Laravel 8, Jetstream and learning Laravel

Laravel 8 is out today, along with the amazing new “Jetstream” authentication scaffolding that has been built.

So I’ve just worked through doing a quick install and had a poke around and it is incredible what you get out of the box now. But also, I have two issues with it. This isn’t really a rant, I do love it. Just observations and possible things that I think the core Laravel team should think about.

1. The barrier to entry is too high now

If you install Laravel + Jetstream (the Livewire version), you are now faced with this as your welcome template:

<x-app-layout>
    <x-slot name="header">
        <h2 class="font-semibold text-xl text-gray-800 leading-tight">
            Dashboard
        </h2>
    </x-slot>

    <div class="py-12">
        <div class="max-w-7xl mx-auto sm:px-6 lg:px-8">
            <div class="bg-white overflow-hidden shadow-xl sm:rounded-lg">
                <x-jet-welcome />
            </div>
        </div>
    </div>
</x-app-layout>

My first question was “How can I customise the welcome component? That <x-jet-welcome /> bit?

And so I spent half an hour tracking down the JetstreamServiceProvider.php which registers all the components using this method:

protected function registerComponent(string $component)
    {
        Blade::component('jetstream::components.'.$component, 'jet-'.$component);
    }

And what’s super-annoying about this is that:

a) Because the registerComponent() method dynamically prefixes the component name with 'jet-‘, you can’t search the code for the full component name and find where it’s registered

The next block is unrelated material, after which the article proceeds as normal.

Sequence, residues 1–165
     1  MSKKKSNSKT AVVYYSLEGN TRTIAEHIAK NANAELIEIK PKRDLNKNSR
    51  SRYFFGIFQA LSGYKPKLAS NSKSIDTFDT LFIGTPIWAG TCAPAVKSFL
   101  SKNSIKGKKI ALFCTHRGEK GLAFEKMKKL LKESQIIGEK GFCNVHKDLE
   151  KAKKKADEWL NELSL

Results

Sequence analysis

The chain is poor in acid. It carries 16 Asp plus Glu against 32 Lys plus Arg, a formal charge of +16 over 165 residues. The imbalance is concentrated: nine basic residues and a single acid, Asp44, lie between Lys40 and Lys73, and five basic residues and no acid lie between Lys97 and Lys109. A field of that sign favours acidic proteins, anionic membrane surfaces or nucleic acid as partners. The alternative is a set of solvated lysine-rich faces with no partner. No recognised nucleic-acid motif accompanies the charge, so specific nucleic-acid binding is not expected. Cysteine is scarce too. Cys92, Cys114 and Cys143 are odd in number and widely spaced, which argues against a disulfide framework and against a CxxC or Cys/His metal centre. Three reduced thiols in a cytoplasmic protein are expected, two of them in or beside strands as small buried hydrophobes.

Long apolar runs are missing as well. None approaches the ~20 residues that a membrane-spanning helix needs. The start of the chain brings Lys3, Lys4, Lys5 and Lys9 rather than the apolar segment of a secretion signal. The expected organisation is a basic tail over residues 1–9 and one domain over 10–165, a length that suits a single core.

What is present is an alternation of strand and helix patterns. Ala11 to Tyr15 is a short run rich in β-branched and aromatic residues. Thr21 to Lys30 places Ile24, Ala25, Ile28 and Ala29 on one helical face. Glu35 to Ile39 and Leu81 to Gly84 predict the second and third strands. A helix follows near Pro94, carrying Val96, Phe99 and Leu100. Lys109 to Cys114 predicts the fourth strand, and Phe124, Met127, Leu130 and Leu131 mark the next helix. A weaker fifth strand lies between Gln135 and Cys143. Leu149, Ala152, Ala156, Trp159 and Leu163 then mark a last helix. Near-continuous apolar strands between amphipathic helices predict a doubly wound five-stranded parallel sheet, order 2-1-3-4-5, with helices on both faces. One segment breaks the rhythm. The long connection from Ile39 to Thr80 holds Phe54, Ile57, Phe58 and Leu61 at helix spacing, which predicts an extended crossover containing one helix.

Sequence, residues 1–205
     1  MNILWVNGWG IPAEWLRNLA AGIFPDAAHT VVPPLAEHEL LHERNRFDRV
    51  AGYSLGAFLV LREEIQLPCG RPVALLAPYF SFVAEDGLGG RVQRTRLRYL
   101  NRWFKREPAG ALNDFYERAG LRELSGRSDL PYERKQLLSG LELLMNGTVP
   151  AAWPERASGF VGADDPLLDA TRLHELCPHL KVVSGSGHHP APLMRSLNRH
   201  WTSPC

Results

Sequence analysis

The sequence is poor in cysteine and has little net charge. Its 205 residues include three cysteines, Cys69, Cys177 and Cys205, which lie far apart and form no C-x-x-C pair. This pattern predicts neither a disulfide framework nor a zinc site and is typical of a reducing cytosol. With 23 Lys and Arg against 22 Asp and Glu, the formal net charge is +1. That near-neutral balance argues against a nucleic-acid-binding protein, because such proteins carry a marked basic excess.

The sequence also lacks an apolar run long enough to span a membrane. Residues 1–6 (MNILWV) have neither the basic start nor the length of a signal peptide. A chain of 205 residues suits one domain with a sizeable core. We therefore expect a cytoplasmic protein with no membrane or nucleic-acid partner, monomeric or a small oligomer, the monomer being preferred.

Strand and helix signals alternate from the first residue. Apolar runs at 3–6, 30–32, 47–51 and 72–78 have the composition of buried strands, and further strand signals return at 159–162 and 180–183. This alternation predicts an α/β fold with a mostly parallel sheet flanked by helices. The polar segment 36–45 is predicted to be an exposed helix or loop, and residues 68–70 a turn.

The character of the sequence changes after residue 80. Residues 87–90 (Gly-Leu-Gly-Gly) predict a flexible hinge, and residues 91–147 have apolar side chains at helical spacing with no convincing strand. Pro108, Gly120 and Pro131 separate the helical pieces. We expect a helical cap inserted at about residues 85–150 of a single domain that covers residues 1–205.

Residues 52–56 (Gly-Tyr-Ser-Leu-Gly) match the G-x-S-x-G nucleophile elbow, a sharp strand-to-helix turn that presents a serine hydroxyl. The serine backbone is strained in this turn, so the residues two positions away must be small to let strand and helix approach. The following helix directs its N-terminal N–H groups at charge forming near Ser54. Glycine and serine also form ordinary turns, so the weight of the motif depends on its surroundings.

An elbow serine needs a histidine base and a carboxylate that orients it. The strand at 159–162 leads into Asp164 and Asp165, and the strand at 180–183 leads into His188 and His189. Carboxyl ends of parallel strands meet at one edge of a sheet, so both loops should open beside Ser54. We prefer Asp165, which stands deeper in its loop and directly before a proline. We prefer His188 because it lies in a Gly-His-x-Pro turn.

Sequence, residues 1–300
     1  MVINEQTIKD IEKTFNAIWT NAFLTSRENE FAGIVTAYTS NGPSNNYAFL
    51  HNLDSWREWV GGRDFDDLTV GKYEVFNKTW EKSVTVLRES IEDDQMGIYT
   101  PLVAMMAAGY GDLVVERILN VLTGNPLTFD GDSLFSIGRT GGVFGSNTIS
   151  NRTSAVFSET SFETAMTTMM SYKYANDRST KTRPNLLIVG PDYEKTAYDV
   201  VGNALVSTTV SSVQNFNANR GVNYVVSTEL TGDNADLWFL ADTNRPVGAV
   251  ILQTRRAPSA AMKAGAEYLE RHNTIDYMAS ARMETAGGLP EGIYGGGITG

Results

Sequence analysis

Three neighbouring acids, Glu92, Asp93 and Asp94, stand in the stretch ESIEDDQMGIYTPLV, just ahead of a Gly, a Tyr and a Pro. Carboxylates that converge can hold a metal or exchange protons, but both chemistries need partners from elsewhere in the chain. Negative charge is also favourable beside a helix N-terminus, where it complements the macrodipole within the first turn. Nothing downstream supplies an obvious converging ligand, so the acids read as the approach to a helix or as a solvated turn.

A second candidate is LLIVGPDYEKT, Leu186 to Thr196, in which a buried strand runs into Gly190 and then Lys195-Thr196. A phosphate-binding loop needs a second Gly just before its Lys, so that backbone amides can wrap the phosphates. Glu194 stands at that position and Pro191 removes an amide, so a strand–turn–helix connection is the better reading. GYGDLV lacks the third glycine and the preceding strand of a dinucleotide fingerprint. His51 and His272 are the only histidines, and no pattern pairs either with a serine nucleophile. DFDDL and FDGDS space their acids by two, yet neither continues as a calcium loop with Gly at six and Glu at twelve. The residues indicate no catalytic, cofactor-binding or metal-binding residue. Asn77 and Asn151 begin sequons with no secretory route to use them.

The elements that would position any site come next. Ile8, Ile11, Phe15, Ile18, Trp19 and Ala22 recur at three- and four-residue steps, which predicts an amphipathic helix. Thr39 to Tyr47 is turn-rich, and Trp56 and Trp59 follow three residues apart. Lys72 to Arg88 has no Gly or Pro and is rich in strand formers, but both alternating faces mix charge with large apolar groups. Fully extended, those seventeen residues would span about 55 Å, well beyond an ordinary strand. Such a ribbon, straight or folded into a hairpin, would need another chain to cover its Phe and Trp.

b) Even if you could, it wouldn’t help very much finding the component template

c) IDE’s can’t help you navigate from the usage of the component to the component file.

So anyone without a pretty good grasp of Blade components and how to dive around in the vendor directory to find stuff, is going to be a bit stuck!

And yes, if you publish the assets, which you need to do anyway to modify them, they become a but more easily available, but knowing that you need to publish assets is another thing you need to know.

I feel like if I came from basic PHP, or some other eco system into Laravel now, I’d get stuck pretty quickly. There’s a LOT of implied knowledge needed to get started.

That barrier to entry just got a whole heap higher!

2. There’s too much out of the box

I was on a live-streamed chat with some WordPress friends today about the benefits of looking into Laravel if you’re a WordPress developer.

And one thing I said was that so often with WordPress core and many plugins, I find myself with too much stuff and wanting to turn some of it off.

I really think that the out-of-the box Laravel Jetstream setup has too much turned on:

  • API tokens
  • Profile photos
  • 2FA
  • Account deleting

I LOVE that I could turn these on with a single-line-of-code change, but, perhaps with the exception of 2FA, should these really all be on by default? I’m really not sure they should, and my first step on many projects will be to turn some of these features off.

And, actually, as I write this, I’m trying and failing to find out if enabling/disabling these things IS a one-line change, and how to go about doing it!

UPDATE: config/jetstream.php has a features array that allows you to turn off profile pictures and the API bits:

    'features' => [
        Features::profilePhotos(),
        Features::api(),
        // Features::teams(),
    ],

I still think they should be off by default though!

In summary

As a slightly-experienced Laravel developer, this is all really exciting stuff, if a little enigmatic in places – how DOES this stuff work!?

But as someone who wants to introduce people to Laravel as a way to build cool stuff, I really feel like there are some issues here.

But who am I to say? Kudos to Taylor and the team for an awesome release.

I’m off to build something!

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